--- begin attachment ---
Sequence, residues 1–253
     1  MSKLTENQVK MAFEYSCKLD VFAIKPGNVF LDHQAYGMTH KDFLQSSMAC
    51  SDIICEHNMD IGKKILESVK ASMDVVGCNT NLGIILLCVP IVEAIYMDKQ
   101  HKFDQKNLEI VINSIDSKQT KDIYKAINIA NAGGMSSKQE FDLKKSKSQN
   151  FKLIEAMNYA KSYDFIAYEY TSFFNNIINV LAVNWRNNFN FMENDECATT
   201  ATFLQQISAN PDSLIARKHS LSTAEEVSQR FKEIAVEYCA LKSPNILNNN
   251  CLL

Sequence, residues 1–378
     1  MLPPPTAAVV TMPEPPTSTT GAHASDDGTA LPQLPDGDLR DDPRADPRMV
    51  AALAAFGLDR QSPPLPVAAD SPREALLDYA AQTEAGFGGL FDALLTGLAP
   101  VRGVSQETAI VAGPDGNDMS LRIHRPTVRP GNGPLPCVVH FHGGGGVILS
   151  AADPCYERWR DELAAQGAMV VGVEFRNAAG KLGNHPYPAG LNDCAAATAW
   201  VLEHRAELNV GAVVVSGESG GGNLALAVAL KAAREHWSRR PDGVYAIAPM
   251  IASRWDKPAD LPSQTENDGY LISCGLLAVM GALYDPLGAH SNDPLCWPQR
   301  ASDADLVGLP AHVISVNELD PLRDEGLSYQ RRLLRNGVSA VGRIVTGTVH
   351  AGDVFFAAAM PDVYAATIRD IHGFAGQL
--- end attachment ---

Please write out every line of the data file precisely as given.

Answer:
Sequence, residues 1–253
     1  MSKLTENQVK MAFEYSCKLD VFAIKPGNVF LDHQAYGMTH KDFLQSSMAC
    51  SDIICEHNMD IGKKILESVK ASMDVVGCNT NLGIILLCVP IVEAIYMDKQ
   101  HKFDQKNLEI VINSIDSKQT KDIYKAINIA NAGGMSSKQE FDLKKSKSQN
   151  FKLIEAMNYA KSYDFIAYEY TSFFNNIINV LAVNWRNNFN FMENDECATT
   201  ATFLQQISAN PDSLIARKHS LSTAEEVSQR FKEIAVEYCA LKSPNILNNN
   251  CLL

Sequence, residues 1–378
     1  MLPPPTAAVV TMPEPPTSTT GAHASDDGTA LPQLPDGDLR DDPRADPRMV
    51  AALAAFGLDR QSPPLPVAAD SPREALLDYA AQTEAGFGGL FDALLTGLAP
   101  VRGVSQETAI VAGPDGNDMS LRIHRPTVRP GNGPLPCVVH FHGGGGVILS
   151  AADPCYERWR DELAAQGAMV VGVEFRNAAG KLGNHPYPAG LNDCAAATAW
   201  VLEHRAELNV GAVVVSGESG GGNLALAVAL KAAREHWSRR PDGVYAIAPM
   251  IASRWDKPAD LPSQTENDGY LISCGLLAVM GALYDPLGAH SNDPLCWPQR
   301  ASDADLVGLP AHVISVNELD PLRDEGLSYQ RRLLRNGVSA VGRIVTGTVH
   351  AGDVFFAAAM PDVYAATIRD IHGFAGQL